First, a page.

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11 hours ago, BlueBob said:

Spreading out who can or should do the enforcement typically dilutes effectiveness rather than enhance it  for example, fly tipping is, AFAIR, a DEFRA / environment agency matter that is also shared to the LA’s.  

Up where I am I've only ever really had LAs handle flytipping investigations bar railway incidents which have fallen into my queue to investigate. 

Enviro agency I've known chase down dody scrap yards and larger scale industrial polluters. 

11 hours ago, BlueBob said:

 

Now, the perception is, that  neither of them are really interested in doing too much, with each expecting the other will deal with it. 

Fudging another entity to do it as well just gets messy.  Taking it a logical step further, the likes of SIA licenced staff, could of perhaps even better placed to deal with some of the crimes they encounter.  However, doubt the companies, their clients or police would be too keen, each for different reasons😳

I dunno I think councils should utilise their byelaw making/PSPO powers more surrounding open spaces especially and go to work with them in problem areas, targetting the RIGHT type of offender though who needs bringing before the court rather than an old dear putting a cigarette end on the floor outside of a train station. 

That takes both imagination and work though. 😂🤷‍♂️

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On 25/10/2021 at 22:54, BlueBob said:

Spreading out who can or should do the enforcement typically dilutes effectiveness rather than enhance it  for example, fly tipping is, AFAIR, a DEFRA / environment agency matter that is also shared to the LA’s.  Now, the perception is, that  neither of them are really interested in doing too much, with each expecting the other will deal with it.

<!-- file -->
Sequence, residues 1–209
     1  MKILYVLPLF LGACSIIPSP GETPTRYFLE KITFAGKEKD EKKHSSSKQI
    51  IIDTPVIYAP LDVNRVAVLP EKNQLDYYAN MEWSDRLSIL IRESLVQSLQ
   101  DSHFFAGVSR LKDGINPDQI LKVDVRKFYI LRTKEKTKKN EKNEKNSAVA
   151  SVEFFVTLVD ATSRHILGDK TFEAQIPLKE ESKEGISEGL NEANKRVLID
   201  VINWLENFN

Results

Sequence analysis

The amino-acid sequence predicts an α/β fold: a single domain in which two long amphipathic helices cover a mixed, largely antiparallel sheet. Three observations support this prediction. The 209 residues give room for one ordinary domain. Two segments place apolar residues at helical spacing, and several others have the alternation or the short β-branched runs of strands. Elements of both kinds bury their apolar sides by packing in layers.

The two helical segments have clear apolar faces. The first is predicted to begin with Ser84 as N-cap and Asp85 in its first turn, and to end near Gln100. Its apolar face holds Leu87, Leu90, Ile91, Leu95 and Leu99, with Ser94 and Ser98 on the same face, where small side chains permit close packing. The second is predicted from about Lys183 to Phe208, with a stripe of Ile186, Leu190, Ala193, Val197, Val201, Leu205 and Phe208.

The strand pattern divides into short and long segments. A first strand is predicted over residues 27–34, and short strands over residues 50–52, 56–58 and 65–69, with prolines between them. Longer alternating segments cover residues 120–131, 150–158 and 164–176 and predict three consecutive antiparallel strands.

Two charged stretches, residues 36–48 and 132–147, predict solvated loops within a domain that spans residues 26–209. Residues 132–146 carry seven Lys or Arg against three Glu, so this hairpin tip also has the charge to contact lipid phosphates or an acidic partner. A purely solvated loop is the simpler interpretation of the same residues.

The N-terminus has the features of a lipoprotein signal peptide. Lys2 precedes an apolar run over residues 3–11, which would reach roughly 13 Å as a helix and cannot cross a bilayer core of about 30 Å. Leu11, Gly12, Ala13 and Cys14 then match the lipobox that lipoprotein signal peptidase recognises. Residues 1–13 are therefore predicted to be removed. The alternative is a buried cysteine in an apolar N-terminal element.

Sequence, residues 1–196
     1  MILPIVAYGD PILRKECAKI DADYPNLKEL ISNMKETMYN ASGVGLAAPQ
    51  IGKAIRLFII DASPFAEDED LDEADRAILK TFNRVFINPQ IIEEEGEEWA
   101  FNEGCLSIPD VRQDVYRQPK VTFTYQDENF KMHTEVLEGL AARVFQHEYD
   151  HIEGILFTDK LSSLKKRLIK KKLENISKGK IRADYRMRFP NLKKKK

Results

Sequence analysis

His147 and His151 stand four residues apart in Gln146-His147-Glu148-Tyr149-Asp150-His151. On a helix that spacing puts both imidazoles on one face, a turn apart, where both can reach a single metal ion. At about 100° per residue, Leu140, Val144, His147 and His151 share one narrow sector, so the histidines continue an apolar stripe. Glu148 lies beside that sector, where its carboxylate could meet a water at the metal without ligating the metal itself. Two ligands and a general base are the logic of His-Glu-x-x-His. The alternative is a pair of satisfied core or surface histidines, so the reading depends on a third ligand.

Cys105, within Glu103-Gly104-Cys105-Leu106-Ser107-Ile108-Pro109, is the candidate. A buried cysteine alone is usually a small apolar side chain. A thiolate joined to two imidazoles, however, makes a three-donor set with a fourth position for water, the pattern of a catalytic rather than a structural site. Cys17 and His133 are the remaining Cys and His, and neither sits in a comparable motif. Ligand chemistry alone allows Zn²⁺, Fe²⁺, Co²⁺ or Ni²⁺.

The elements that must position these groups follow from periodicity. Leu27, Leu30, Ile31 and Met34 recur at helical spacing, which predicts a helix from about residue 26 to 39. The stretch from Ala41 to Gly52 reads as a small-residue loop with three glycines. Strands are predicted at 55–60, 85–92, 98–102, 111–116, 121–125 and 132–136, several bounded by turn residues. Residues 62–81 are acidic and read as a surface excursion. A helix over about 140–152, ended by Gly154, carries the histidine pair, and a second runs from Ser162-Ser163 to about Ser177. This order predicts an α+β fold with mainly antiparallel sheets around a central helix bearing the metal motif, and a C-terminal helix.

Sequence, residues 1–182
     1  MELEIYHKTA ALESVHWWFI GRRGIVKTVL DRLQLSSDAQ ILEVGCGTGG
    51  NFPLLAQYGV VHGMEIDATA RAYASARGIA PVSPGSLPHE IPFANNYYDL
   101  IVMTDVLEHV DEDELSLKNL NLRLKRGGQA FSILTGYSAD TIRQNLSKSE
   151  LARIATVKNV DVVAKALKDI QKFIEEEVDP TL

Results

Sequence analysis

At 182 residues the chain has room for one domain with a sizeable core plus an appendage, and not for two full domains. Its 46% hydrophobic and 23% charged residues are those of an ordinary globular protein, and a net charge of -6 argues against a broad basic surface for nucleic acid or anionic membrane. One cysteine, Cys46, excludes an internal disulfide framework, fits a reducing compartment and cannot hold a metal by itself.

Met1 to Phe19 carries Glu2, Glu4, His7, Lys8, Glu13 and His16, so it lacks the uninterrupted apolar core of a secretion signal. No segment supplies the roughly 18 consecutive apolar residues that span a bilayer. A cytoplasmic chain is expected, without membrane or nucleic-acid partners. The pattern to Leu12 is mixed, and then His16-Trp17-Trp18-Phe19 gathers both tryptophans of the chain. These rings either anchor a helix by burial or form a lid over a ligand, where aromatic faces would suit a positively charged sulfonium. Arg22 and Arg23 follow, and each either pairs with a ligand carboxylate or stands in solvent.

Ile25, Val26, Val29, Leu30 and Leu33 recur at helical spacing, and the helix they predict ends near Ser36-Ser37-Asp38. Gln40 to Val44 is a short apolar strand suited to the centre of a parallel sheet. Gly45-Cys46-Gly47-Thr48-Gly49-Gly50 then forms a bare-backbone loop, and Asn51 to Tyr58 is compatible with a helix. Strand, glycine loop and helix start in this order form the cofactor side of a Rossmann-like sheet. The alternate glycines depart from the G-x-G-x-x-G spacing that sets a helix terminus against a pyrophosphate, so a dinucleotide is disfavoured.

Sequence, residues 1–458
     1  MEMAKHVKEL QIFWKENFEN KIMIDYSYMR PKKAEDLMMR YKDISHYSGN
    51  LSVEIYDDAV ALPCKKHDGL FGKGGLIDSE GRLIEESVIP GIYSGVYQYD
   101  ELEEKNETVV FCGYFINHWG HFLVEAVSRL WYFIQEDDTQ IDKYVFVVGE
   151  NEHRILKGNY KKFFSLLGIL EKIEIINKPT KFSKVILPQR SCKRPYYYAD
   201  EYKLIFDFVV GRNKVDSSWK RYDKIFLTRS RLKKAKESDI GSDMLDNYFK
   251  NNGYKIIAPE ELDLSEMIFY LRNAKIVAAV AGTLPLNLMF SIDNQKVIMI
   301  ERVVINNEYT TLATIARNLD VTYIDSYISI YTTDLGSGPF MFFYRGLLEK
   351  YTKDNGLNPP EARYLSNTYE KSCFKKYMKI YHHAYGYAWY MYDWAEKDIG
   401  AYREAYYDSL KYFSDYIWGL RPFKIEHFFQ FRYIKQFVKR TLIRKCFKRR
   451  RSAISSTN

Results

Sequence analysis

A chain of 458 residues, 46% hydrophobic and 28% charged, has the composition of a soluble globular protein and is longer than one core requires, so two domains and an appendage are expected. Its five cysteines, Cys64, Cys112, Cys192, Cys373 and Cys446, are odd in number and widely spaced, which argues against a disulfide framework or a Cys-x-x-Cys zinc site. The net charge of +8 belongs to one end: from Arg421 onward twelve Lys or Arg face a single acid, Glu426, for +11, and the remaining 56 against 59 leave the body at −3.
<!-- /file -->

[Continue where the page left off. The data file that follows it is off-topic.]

Fudging another entity to do it as well just gets messy.  Taking it a logical step further, the likes of SIA licenced staff, could of perhaps even better placed to deal with some of the crimes they encounter.  However, doubt the companies, their clients or police would be too keen, each for different reasons😳

Sorry, do you mean that it is better to have one agency to deal with those types of issues and they should have more powers?

 

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1 hour ago, Wikicop20 said:

Sorry, do you mean that it is better to have one agency to deal with those types of issues and they should have more powers?

 

Sometimes one or a few.  we each have our own views on how things have transformed when local authorities took on parking enforcement and then certain road traffic offences such as bus lanes, box junctions etc, with the legal framework it seems each has its own agendas and systems - almost mini-police type entities.  And on the back of that, how often do police get calls about the likes of parking, low level traffic offences, such as box junction.  Often not because they are expected too do anything about it, but the agency (LA) responsible are a challenge to communicate with.  
In terms of providing more powers, perhaps we'll repeat my last comment.  That is SIA companies are often so close to criminal activity, such as at events, door staff etc that the see and engage with offenders, is there really a reason why they must pass it to police, and is there a reason they cannot complete the who justice process through to the court.  If the likes of a local authority can be given powers to enforce, and they then delegate and out-source it to money making companies, why shouldn't the likes of SIA's follow suit and be given such enforcement powers?